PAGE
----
ESD/LIDESD is an acronym for Environmental Site Design. LID is an acronym for Low Impact Development. Both describe an approach to site development which attempts to restore or protect predevelopment hydrologic conditions, especially as it pertains to runoff and recharge of stormwater.
Green RoofA vegetated roof system which captures and stores rainwater. The typical extensive (flat) green roof that is 4" thick can hold up to 1" of rain water before water will runoff of the roof. Plants for green roofs must be extremely tolerant of dry and wet conditions.
Impervious surfaceThis is a surface which does not absorb water or allow it to pass on through. Typically this is a roof, driveway, patio or walk.
Infiltration rateThis refers to the speed at which water is absorbed by the ground. If soil can absorb water at a rate of .5 inches/hour or faster, it is considered to have good drainage.
Infiltration trenchAn infiltration trench is similar to a drywell but is a linear feature. Often they will be used to direct stormwater flow to anther facility but will allow some water to infiltrate rather than being fully conveyed to another site.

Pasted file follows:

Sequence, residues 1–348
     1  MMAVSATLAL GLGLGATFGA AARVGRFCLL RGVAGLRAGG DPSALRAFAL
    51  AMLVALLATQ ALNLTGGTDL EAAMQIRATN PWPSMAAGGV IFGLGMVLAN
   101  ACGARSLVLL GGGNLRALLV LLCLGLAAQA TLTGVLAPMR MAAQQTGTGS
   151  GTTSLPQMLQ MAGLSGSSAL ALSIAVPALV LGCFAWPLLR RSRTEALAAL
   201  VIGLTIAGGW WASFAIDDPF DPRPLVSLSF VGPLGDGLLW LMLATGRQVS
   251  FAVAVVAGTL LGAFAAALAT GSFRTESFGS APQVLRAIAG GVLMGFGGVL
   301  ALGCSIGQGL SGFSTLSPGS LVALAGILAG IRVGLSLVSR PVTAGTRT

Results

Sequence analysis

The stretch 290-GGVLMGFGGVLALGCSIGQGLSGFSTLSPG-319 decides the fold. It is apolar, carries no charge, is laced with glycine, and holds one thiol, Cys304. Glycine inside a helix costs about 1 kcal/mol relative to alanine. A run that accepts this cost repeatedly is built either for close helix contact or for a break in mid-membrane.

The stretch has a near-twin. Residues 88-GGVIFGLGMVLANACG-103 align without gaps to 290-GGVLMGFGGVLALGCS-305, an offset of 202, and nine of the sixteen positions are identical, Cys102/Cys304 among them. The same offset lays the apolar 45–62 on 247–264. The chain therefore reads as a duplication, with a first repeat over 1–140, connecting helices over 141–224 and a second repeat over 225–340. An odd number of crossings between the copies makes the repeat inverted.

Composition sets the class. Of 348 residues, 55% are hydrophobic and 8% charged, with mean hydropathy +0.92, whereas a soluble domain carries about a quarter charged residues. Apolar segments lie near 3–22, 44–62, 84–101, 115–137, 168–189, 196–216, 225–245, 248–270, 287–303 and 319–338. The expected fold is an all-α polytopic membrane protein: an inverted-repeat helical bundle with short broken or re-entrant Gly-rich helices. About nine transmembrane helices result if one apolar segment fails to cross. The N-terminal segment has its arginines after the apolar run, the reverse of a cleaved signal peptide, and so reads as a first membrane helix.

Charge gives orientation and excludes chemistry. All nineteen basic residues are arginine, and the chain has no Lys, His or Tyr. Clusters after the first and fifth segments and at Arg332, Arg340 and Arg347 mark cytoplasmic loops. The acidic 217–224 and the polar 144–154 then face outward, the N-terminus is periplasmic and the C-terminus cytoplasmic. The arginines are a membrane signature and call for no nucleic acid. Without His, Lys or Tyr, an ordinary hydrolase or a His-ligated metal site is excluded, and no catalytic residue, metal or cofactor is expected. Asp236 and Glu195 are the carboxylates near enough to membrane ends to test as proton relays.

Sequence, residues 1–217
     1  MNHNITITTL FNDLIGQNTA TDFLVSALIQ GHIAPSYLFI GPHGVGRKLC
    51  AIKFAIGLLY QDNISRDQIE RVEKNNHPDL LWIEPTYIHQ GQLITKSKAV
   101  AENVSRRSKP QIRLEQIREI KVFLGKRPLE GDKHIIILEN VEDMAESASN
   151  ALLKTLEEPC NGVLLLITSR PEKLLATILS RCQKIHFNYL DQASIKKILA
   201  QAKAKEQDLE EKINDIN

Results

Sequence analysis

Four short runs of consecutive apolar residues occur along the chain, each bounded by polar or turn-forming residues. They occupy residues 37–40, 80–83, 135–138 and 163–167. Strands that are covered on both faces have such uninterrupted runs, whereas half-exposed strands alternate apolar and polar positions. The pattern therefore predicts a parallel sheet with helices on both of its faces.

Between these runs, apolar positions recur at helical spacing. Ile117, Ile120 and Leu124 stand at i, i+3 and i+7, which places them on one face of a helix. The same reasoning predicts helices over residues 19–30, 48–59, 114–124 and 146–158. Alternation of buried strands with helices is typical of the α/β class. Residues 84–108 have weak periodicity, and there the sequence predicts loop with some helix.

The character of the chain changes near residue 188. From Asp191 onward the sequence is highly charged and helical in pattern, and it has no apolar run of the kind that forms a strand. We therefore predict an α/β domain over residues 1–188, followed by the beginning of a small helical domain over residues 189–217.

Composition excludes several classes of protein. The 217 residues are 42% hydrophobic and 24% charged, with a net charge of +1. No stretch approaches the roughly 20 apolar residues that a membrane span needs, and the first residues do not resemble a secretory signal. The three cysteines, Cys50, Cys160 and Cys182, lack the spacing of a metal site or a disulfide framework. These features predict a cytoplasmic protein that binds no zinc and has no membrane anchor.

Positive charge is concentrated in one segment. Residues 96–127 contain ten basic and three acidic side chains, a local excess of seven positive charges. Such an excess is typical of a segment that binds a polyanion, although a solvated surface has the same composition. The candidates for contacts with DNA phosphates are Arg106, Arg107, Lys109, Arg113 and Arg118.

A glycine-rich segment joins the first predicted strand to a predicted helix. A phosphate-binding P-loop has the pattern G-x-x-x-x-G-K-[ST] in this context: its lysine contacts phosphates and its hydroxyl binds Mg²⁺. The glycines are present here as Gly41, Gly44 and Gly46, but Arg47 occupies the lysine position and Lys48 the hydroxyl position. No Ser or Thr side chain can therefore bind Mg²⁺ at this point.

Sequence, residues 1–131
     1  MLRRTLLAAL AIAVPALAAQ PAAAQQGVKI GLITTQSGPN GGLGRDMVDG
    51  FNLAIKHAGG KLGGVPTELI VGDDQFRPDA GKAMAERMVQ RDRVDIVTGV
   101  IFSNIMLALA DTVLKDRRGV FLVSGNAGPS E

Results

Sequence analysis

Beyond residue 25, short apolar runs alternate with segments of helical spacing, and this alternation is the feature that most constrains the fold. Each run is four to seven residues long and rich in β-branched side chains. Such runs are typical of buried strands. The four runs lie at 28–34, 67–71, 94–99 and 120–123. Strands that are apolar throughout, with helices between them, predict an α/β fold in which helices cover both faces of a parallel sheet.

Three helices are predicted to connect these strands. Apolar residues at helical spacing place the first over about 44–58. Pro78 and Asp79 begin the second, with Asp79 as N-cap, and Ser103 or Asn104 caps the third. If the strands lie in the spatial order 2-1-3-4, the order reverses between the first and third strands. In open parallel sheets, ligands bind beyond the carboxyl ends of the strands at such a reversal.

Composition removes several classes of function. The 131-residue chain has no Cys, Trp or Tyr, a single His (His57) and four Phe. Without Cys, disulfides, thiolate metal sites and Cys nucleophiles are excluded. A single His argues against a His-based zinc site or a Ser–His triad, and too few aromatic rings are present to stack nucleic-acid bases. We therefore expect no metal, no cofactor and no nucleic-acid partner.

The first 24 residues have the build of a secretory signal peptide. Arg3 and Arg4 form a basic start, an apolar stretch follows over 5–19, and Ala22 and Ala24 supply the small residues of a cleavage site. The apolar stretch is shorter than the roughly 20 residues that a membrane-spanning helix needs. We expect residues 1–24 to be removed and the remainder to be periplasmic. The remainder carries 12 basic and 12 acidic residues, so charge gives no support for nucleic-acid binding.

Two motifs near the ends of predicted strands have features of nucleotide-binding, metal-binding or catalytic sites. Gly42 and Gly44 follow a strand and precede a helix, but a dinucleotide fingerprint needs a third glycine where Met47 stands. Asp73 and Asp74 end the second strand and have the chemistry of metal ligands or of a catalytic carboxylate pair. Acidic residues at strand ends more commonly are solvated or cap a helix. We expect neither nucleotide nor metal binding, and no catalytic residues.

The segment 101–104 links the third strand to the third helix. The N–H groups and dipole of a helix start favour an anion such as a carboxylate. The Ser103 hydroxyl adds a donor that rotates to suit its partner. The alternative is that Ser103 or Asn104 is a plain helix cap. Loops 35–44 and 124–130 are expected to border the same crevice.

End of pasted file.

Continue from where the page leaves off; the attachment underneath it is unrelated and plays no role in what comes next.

Native speciesThese are species which were found in the watershed area prior to European settlement. There are varying degrees of "nativeness" depending on which definition is followed. Named cultivars may or may not be native; most definitions of native exclude hybrid crosses of plants but may include named varieties which are part of natural variation in a population.
Non-native noxious invasives(NNIs)‘a plant that can, has, or is likely to spread into native flora or managed plants systems, develop self-sustaining populations, and become dominant and/or disruptive to those systems.’ Weed Science Society of America
Offsite DrainageStormwater that runs off of one property onto another is termed "offsite drainage". This can be a significant amount of additional water to be managed on a site.